This is found in the Catholic Catechism in Part Three, Section 1, Chapter 1, Article 4, 1749-1761. The morality of an act must rely on the object chosen, the end intended, and the consequences that follow, all three must be good. The intent is not the only aspect of a human act. With regard to donating to organizations the intent is usually always good. This is the case with the Salvation Army. The final qualification of a morally good act, the consequences that follow the act, is the point of the act that we must evaluate with regards to donating to the Salvation Army. When one donates to organizations like the Salvation Army the intent is good, to feed the hungry, clothe the naked, welcome the stranger, etc. But the consequences of the donation go far beyond these noble and morally sound activities. The consequences of giving money to the Salvation Army allow that organization the ability to support other activities that are objectionable due to their intrinsically disordered nature and direct attacks on the dignity of the human person.
The question one might ask, and is in fact a responsible question to ask, “so what? Don’t the good things they do outweigh the wrong?” The answer is simply “NO.”
But it would be unfair to leave it at that, it would also be lazy on my part to do so. I would like to answer that first question with this one to start. “If you have a choice between donating to an organization that feeds the hungry worldwide, assists the homeless, helps with human trafficking programs, helps with developing nations’ disease prevention, supports mental health programming, works with drug and alcohol addiction programs, assists with access to healthcare, assists refugees in relocation programs, helps provide potable water to those without, micro-financing, disaster relief, and literacy programs with one that does all of these things but also supports artificial contraception and population control programs and refuses to oppose abortion which should a Catholic choose?” The truth is that the Catholic Church and Her various agencies, Catholic Relief Services, Catholic Charities, Catholic Campaign for Human Development, to name a just few, do all of the things that the Salvation Army does but are in complete communion with Holy Mother Church and do not condone or participate in direct attacks on human dignity. Furthermore. roughly 95% (give or take the year) of all donations that go to Catholic organizations go to direct services and not overhead.
As said before, good intentions are not enough to make an act moral and good. One cannot do evil in order to do good. The Salvation Army, for all of the good it does, also promotes, condones, and participates in acts of evil with the donations they receive. This is not to say that the people who are a part of the Salvation Army are evil, by no means is this what I am concluding. But it would be a lie to claim that all of their activities are morally acceptable for Catholics to support with their funds. Think of it this way. For every dollar given a particular percentage of that dollar goes to support activities that contradict Church teaching. It is easy for someone to say “I give a dollar and I don’t want it to go to those programs so I make sure that it goes directly to the programs I want.” This is not exactly easy to do since all funds eventually end up in one large pot (or red kettle, if you will). If the budget of their food programs is completely met by specified donations like the one just mentioned that leaves other funds to support activities contrary to our beliefs. This is why some bishops have directed their flocks to discontinue support of Susan G. Komen because of that foundation’s support of embryonic stem cell research and its support to Planned Parenthood. The list of non-profits that intend good but do evil is shockingly long. Michael J. Fox foundation, Juvenile Diabetes Association, American Heart Association, American Lung Association, American Cancer Society, and many more support varying activities that contradict Church Teaching.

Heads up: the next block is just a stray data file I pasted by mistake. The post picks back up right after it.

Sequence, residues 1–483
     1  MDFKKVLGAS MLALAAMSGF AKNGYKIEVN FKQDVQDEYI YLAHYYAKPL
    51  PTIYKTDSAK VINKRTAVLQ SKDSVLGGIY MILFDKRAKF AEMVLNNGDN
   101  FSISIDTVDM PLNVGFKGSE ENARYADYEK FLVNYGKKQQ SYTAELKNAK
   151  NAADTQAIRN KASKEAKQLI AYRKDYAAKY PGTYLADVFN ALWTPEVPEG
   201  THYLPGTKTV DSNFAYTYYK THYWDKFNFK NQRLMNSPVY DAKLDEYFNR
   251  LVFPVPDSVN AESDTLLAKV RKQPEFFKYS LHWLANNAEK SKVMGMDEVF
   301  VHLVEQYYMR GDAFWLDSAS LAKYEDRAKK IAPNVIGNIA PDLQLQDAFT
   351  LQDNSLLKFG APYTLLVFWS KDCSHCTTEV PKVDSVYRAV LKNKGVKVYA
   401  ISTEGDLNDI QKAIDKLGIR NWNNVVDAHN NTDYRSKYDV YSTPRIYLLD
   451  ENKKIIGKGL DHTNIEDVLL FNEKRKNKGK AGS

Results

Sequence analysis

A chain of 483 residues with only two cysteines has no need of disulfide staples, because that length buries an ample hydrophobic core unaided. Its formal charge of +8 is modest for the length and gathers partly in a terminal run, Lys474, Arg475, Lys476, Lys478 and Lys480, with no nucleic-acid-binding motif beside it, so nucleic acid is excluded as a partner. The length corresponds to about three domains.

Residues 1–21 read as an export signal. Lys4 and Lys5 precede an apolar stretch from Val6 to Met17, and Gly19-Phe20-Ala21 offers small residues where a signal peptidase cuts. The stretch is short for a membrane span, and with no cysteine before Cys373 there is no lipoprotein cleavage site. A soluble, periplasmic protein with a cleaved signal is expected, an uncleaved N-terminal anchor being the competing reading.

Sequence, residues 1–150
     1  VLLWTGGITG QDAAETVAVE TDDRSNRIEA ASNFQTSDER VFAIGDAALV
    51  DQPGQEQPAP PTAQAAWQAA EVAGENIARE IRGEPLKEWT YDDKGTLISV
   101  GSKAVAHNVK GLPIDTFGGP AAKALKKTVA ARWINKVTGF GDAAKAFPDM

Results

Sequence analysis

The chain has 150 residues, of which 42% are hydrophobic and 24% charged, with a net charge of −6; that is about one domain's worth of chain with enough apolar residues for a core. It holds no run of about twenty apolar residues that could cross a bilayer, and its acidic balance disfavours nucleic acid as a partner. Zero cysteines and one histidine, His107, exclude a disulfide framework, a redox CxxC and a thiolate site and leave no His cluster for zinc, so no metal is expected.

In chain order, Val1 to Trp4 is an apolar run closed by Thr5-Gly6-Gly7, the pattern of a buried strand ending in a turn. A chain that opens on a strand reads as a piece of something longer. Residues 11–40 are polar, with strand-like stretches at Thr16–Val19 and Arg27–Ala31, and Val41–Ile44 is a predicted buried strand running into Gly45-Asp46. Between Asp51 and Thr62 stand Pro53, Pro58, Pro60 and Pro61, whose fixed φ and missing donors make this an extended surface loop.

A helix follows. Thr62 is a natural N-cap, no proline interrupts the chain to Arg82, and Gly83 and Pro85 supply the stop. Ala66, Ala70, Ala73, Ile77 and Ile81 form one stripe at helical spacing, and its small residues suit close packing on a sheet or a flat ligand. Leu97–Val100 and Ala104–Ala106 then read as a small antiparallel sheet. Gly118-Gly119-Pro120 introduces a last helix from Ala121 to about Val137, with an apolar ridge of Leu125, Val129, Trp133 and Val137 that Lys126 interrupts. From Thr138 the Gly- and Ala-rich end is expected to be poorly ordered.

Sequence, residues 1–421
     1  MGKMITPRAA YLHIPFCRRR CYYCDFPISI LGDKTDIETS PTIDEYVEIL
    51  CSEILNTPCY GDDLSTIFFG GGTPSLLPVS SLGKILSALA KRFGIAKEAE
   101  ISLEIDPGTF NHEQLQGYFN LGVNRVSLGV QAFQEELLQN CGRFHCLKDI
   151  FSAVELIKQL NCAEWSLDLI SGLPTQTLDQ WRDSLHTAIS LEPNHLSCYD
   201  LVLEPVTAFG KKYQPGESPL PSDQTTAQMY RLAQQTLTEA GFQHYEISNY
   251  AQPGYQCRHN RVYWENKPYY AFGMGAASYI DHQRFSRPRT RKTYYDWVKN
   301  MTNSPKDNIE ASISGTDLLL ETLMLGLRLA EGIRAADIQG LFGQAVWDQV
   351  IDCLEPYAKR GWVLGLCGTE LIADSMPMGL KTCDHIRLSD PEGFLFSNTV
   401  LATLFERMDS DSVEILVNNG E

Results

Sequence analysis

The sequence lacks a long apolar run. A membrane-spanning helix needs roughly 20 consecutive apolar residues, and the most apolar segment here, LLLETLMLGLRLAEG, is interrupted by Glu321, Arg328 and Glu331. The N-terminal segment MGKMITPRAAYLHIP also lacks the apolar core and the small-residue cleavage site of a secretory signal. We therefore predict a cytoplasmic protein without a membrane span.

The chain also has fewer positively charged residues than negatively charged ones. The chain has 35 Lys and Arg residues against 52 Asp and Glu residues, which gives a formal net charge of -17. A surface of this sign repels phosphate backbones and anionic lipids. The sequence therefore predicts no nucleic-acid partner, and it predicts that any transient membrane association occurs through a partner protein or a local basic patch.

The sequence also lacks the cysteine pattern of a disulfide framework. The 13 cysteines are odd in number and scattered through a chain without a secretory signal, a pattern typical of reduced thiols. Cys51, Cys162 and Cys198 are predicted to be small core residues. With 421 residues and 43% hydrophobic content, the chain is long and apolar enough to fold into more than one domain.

Good intentions are not good enough for an act to be morally acceptable according to Catholic teaching. If one wishes to be in communion with the poor by donating their time or money it would seem to be morally illicit (prohibited or unacceptable) to donate to the Red Kettle Campaign of the Salvation Army. Fear not! One can still support the poor and vulnerable through other organizations that UNIVERSALLY respect human dignity.
For alternatives to donating consider: International Poverty relief donate to Catholic Relief Services ; Local Poverty relief and social services donate to Catholic Charities ; Working for Institutional Change to aid the poor donate to Catholic Campaign for Human Development ; Cancer research, orphan disease research, heart disease research, etc. John Paul II Stem Cell Research Institute (uses adult stem cells only)
Resources that provide evidence to show that The Salvation Army and its Divergence from the Catholic Faith
The War Against Population: The economics and ideology of world population. Written by Jaqueline Kasun, published by Ignatius Press. Page 234.
Americans United for Life. Dishonorable mention list of non-profits.
Intended Consequences: Birth Control, Abortion and the Federal Government by Donald T. Critchlow, page 46.
Population Research Institute: War on Population in Kenya
Life Decisions International (see page 8)
Salvation Army policies on abortion, contraception, sterilization, artificial conception methods
According to one Salvation Army group the average percentage that actually goes to services from the red kettle campaign is 82-83% this leaves approx.. $.17 to $.18 of every dollar to go elsewhere.
Relevant Radio Interview: http://www.youtube.com/watch?v=N26x3bbp_ZI&feature=player_embedded
This entry was posted in Current Events and tagged black friday, catholic charities, catholic relief services, catholic social teaching, donating, human dignity, poverty, pro life, red kettle, salvation army, shopping, thanksgiving.